Letter to the Editor: What does the POW/MIA flag symbolize?

Wednesday, June 26, 2019

To the Editor: 

As a Vietnam Era Veteran, I was Most Disturbed to observe the removal of the POW/MIA Flag at the “Shoreline ‘VETERANS’ Recognition Plaza” and having been replaced with the LGBT Rainbow Flag.

The POW/MIA flag was created for the National League of Families of American Prisoners and Missing in Southeast Asia and officially recognized by the United States Congress in conjunction with the Vietnam War POW/MIA issue, "as the symbol of our Nation's concern and commitment to resolving as fully as possible the fates of Americans still prisoner, missing and unaccounted for in Southeast Asia, thus ending the uncertainty for their families and the Nation."

Below the Silhouette on the POW/MIA Flag are the words:

By the City of Shoreline choosing to remove the POW/MIA Flag, does in fact represent “YOU ARE FORGOTTEN!”

The “Shoreline ‘VETERANS’ Recognition Plaza” was created by a number of dedicated VETERANS from many conflicts dating back to World War II. Furthermore, the number of inscribed Bricks in place, at the Plaza, cover VETERANS dating back to 1864. Additionally, this is not about Personal Identity but about Remembering and Honoring those who Served and Sacrificed.

As Veterans, we would like to see the POW/MIA Flag restored before the close of business on Wednesday, 26 June 2019.

Richard B. White, Past Commander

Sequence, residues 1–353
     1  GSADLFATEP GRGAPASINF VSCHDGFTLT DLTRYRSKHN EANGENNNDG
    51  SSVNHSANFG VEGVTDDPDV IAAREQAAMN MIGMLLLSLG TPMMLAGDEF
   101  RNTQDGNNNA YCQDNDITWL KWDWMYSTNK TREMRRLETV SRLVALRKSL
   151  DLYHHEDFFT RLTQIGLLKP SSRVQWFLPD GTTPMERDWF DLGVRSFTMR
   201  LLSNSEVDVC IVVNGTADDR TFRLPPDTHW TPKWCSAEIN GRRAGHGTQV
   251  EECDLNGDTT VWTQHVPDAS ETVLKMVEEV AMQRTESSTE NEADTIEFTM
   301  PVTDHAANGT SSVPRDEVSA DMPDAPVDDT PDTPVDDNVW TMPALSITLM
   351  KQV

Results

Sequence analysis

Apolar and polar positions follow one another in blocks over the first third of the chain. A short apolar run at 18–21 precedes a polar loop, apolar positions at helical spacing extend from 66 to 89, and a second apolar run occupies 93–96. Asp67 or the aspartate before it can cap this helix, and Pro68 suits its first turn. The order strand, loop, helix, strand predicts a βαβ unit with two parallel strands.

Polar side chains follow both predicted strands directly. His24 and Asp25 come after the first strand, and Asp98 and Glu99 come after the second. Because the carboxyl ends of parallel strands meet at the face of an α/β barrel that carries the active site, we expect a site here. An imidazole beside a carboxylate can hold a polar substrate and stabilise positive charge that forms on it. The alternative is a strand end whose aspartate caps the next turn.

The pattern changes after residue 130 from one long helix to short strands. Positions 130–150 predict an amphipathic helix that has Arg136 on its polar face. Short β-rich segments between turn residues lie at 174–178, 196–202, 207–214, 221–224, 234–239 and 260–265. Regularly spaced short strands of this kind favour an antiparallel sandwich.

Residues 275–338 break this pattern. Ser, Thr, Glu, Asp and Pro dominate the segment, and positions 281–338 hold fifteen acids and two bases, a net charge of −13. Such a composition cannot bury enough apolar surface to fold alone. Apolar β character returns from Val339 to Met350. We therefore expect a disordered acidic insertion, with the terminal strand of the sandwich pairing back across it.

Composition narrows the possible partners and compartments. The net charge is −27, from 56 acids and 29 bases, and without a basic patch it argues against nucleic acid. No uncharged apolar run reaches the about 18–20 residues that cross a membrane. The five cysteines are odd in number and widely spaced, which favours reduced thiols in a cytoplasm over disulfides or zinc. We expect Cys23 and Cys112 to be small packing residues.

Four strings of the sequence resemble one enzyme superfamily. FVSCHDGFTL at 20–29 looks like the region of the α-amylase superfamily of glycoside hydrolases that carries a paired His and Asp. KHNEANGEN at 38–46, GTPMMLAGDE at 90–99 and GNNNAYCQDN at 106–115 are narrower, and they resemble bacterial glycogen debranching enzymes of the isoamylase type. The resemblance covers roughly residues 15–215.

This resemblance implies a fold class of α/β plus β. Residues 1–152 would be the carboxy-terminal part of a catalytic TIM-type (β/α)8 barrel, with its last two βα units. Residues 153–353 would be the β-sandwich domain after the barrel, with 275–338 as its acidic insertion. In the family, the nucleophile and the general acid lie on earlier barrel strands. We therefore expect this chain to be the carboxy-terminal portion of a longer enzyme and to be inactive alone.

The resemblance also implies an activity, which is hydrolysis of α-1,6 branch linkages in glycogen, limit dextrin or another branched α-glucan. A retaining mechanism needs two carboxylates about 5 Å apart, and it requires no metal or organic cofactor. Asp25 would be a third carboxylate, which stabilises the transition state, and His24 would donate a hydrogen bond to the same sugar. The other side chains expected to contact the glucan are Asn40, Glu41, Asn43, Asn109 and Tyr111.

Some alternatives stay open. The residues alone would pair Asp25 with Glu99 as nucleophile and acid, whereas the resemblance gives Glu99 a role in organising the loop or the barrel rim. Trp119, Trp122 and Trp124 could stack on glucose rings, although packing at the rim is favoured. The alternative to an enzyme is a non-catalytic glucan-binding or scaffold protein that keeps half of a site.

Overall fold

Doug Sanders, Past 1st Commander
Earl Thompson, Finance Officer and Adjutant
Larry D. Fischer, Commander
All of the above are Active Members of The American Legion, Shoreline


Barb L., Parkwood resident,  June 26, 2019 at 11:52 AM  

The Rainbow Flag is most likely put up temporarily because June is Pride month. I'm sorry the writer takes such great offense at this. From what I understand, veterans have fought for the rights of all Americans to live and thrive in the United States.

Denise F.,  June 26, 2019 at 3:36 PM  

I agree with the author--the "Shoreline Veterans Recognition Plaza," honoring those who fought for the freedom of every American citizen since WWI, should not become a space for political statements.
It is not appropriate to use this place of honor to support the declaration of ones personal choice.
I am not opposed to the rainbow flag, just where the City has chosen to fly it...among heroes.
The Recognition Plaza should remain just that, a place to remember those who served and as a reminder these men and women should never be forgotten.
As pointed out in the other response, June is Pride month. Well, Veterans don't get a month, they get a day.
Shame on the City.
Move the flag.

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